Our overall effort this year took the form of 19 groups, covering their respective areas. By 12:30pm, with about “half the precincts” reporting, the species list total was at 95. This is noticeably higher than years past. Some of the groups will be sending in their reports in the coming 2 weeks, and the total species number may reach 100, something that hasn’t happened on this count in many years.

But it’s not just a high number that matters. Indeed, the main focus on the count is to cover the areas we do in a consistent manner. The data we collect are submitted to a national database, and this database is available to the general public. Many folks have performed a variety of analyses on these data, which span 118 years for some locations.

This is a ‘big year’ for seeing some “northern” species, which are moving into the SE in large numbers this fall/winter. Pine siskins have been showing up at various feeders. We found a couple Red-breasted Nuthatches at Walnut Creek.

Pine Siskin on Mid Pines Road. Photo by Bob Oberfelder.

Pine Siskin on Mid Pines Road. Photo by Bob Oberfelder.

Red-breasted Nuthatch. Photo by Bob Oberfelder.

Red-breasted Nuthatch. Photo by Bob Oberfelder.

 

 

 

 

 

 

 

 

Last year, we flushed an amazing Wood duck from the Garner Road pond along the Walnut Creek greenway – this year only half a dozen flew by. It’s pretty unusual to find 75 Wood ducks in such an urban setting. And some of our crew managed to flush a Gray Catbird, always rare for this count. Folks over along Swift Creek found some Rusty Blackbirds, anther good find.

Rusty Blackbird at Fred Fletcher Park in Raleigh. Photo by Bob Oberfelder.

Rusty Blackbird at Fred Fletcher Park in Raleigh. Photo by Bob Oberfelder.

A Peregrine Falcon and Merlin were seen along Mid Pines Road. A Peregrine was seen at the same spot last year, and the year before. Surely this Peregrine is a returning individual, enjoying some of the many pigeons along that stretch.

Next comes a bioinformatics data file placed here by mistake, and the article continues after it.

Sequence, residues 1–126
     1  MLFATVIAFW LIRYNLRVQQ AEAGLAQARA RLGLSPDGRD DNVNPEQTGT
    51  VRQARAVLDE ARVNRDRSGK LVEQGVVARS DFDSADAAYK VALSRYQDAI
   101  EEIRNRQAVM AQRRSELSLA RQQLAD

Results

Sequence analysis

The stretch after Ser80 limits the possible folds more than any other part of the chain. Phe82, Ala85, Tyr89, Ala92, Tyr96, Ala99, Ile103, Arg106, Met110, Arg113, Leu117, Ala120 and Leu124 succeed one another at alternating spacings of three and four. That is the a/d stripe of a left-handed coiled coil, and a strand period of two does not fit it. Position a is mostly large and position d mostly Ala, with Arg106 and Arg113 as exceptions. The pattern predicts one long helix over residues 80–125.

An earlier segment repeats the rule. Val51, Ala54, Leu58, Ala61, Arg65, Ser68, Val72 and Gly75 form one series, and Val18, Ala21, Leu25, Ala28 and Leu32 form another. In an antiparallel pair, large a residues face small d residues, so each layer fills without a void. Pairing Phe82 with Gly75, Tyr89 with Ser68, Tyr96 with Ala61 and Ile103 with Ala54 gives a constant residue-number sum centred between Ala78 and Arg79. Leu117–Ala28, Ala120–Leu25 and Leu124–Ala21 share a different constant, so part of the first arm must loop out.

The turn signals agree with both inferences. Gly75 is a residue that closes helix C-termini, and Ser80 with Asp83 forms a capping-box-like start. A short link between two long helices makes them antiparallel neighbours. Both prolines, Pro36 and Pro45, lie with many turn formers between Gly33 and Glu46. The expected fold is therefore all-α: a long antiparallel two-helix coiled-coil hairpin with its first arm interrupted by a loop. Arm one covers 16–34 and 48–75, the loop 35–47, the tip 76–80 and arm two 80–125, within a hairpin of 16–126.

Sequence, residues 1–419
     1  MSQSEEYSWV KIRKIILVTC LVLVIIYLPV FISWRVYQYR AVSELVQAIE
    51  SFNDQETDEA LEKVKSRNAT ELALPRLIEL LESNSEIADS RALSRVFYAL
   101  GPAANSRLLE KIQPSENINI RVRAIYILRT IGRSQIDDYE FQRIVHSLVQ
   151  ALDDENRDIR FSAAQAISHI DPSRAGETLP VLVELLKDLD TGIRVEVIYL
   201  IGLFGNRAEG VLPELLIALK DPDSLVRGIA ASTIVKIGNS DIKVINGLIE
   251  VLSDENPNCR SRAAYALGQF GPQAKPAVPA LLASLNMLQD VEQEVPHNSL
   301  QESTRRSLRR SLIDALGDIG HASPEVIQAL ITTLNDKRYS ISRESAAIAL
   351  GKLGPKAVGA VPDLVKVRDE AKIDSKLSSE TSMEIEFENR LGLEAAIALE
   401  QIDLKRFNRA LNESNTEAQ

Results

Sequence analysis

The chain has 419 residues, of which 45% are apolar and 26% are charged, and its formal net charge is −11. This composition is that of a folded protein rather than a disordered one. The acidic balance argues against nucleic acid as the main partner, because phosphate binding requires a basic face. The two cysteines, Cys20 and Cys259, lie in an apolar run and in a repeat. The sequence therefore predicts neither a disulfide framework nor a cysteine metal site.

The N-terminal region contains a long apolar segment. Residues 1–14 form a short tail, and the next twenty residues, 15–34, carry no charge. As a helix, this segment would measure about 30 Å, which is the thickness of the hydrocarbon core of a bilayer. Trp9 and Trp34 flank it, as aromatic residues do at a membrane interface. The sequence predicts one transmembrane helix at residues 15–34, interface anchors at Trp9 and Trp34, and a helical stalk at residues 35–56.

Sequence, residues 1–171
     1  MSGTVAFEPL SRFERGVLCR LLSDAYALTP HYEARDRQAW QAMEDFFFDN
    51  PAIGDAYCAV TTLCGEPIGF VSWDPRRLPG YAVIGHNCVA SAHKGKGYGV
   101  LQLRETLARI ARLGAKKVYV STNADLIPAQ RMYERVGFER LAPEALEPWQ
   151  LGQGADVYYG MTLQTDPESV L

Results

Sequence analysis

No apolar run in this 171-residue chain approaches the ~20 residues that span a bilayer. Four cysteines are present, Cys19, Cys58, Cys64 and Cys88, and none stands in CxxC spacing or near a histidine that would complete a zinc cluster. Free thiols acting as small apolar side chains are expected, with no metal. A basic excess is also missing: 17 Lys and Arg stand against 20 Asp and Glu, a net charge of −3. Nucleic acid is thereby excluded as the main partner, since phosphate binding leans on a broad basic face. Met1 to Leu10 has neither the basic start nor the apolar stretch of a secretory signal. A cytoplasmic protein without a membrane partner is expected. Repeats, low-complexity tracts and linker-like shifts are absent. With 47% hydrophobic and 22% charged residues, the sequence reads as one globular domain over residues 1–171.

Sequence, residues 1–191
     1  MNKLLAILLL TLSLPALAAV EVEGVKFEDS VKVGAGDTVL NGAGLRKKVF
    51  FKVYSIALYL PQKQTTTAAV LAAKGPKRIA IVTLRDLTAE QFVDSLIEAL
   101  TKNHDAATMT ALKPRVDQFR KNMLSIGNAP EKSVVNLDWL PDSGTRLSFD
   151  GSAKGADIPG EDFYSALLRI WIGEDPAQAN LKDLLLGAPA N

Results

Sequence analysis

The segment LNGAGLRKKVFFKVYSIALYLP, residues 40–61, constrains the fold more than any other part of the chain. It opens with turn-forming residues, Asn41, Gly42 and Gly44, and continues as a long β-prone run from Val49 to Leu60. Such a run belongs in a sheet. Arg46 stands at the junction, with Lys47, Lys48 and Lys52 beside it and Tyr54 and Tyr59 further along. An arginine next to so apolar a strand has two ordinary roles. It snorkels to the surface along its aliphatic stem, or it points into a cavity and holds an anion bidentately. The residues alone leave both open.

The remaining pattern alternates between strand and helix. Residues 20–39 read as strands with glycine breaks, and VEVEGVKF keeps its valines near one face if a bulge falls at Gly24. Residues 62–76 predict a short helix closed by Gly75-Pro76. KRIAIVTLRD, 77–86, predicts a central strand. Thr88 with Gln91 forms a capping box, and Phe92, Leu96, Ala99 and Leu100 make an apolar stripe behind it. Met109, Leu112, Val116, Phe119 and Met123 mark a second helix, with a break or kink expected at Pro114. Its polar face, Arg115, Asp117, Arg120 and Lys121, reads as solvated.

Peregrine Falcon over Raleigh. Photo by John Gerwin.

Peregrine Falcon over Raleigh. Photo by John Gerwin.

By 0900, the drizzle had stopped and the next few hours were nice for walking and birding. One of my favorite birding experiences of the year happened at the end of our count. A few of us wandered east along the Greenway into an adjoining neighborhood of southeast Raleigh (which is how the Greenway was planned at this section). In 20 minutes, covering about 3 blocks with normal yards and houses, but Walnut Creek nearby, we found nearly 75 individual birds of over 20 species. This was a section we have never covered before, but this year we had time.  And it goes to show how interesting it can be to wander into such an area and see what you can find.

Indeed, the new organizer, Brian O’Shea, and I were discussing this very topic right before the count. And that we plan to get some folks into such areas in the future and thus expand coverage. There are many wooded neighborhoods within the count circle, that are never covered. If you are interested in being one of our “urban” stealth bird counters in the future, just let us know and we will set you up.

In the meantime, a big thanks to all who helped out. In the end, our Walnut Creek totals (species and individuals) were almost the same as 2017 – only a tad lower. I would have bet money that both were “a lot lower” but I would have lost. That’s in part why we do what we do. Even in a light drizzle.

This way we have real data, and we don’t have to rely on Gerwin’s faulty memory.